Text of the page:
THE LANGUAGE CLASSROOM IN A CONNECTED WORLD (the grammar of the internet?) Michael Coghlan 5th International Congress on English Grammar (Hyderabad) January, 2007 This presentation on the web at http://www.slideshare.net/michaelc/connected_educator
I know from my own life that something has changed. I am now a much more social learner. I like to draw on the knowledge of others who I can contact and with whom I can discuss issues... I have definitely changed the way I learn, and have found a more enjoyable way of learning. Technology, and the connections it affords, has made that possible.
I doubt that I could study a formal ‘course’ anymore….
My ‘TAG CLOUD’ folksonomy from http://del.icio.us/mikecogh
“an experiment in world friendship through online language learning”
300 + members
Where are the Webheads? in approximately 50 countries To join the Webhead community send an email to [email_address] Or join in a 6 week online seminar: Becoming a Webhead in Jan/Feb - Becoming a Webhead 2008
See http://grammar.quickanddirtytips.com/unaccusative-verbs.aspx/ for commentary
Developing (soft) skills for the knowledge era* (facility with technology, collaboration, conflict negotiation, problem solving, communication, adjusting to rapid change: ‘employability skills’)
Access to personal publishing tools for self-expression and realisation of identity
Excitement at publishing for a wider audience:
“ Thank you so much for being such supportive, all of you! I hope to continue my learning process and get ready to speak and write in English. I was really surprised to see all the people who wrote about our wiki. It's so cool because it was from all different places of the world... I think that's so great! :)” (Maria, Venezuela)
*Soft Skills and the Net (Terry Anderson) at http://terrya.edublogs.org/2007/09/30/distance-educators-and-dogma/
It’s Phil, just in case you haven’t guessed already. I’d just like to thank you for a great year of blogging, and to wish you luck in the years ahead. You really managed to make a few of us into writers. I think writing/blogging will be something I’ll carry with me my whole life.”
Aiden is an EFL Lecturer, Wenzao Ursuline College of Languages Kaohsiung, Taiwan MOVIE MULTILITERACY DIGITAL LITERACY ELITERACY
CONNECTIVISM: A Learning Theory for the Digital Age (George Siemens, University of Manitoba, Canada)
Principles of Connectivism:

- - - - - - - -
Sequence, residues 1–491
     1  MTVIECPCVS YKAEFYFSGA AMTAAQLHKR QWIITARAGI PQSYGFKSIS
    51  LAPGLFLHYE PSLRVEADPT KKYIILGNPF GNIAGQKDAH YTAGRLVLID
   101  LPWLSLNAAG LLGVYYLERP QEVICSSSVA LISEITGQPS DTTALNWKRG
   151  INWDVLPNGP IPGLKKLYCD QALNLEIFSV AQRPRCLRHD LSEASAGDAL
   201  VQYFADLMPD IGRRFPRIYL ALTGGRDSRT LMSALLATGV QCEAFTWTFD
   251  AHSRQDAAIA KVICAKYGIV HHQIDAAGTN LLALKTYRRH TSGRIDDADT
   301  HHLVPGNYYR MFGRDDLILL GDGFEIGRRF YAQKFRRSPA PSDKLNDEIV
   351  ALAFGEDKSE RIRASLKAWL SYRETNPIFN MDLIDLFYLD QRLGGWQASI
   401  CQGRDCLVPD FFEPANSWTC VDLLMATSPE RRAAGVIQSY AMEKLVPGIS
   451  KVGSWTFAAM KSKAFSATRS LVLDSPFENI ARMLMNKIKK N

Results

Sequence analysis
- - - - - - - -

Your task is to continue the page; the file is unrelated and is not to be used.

Nurturing and maintaining connections is needed to facilitate continual learning .
Currency (accurate, up-to-date knowledge) is the intent of all connectivist learning activities.
Choosing what to learn and the meaning of incoming information is seen through the lens of a shifting reality. While there is a right answer now, it may be wrong tomorrow due to alterations in the information climate affecting the decision.
SLOW LEARNING "It is going to become very fashionable at some point to be disconnected," Silicon Valley futurist Paul Saffo predicts. "There are going to be people who wear their disconnectivity like a badge.“ ( http://www.usatoday.com/printedition/news/20070111/1a_tech-noxx.art.htm )
SLOW LEARNING: A Dangerous but Powerful Idea - Counter Acceleration and Speed with Slowness and Wholeness
Geetha Narayanan is Principal Investigator with Project Vision at the Centre for Education Research Training and Development (CERTAD) within the Srishti School of Art Design and Technology in Bangalore, India.
consciously embrace the core value of slowness – both as way of being and as a way of learning
culture of immediacy values fast knowledge which in turn runs counter to the development of both the self and the mind.
The thoughtless and widespread use of technology as the universal solution to the rising need for fast knowledge is wrong and must be questioned. Often in developing countries, such as India, the term ‘digital divide’ is used to support the argument that the use of new technologies, alone, will create conditions of learning … That is not true
the new digital technologies are tools that allow for learners to develop their imaginations, to be able to play and to have fun, to be able to tell stories in different and exciting ways. But in order to generate value they need to be integrated into new forms and structures in an invisible and contextual manner - one where new media arts can sustain social change .
guiding students in this new disintermediated world
modelling the use of technology for lifelong learning
allowing time for ‘slow learning’ and reflection
It’s all about connections ……
Education by and large has not changed. Syllabus/curriculum is still rooted in a past paradigm of fixed knowledge. The world beyond classrooms has changed a great deal, and will continue to do so at an ever-increasing rate…… Photo courtesy of Sawrah, http://flickr.com/photos/sawrah/314474272/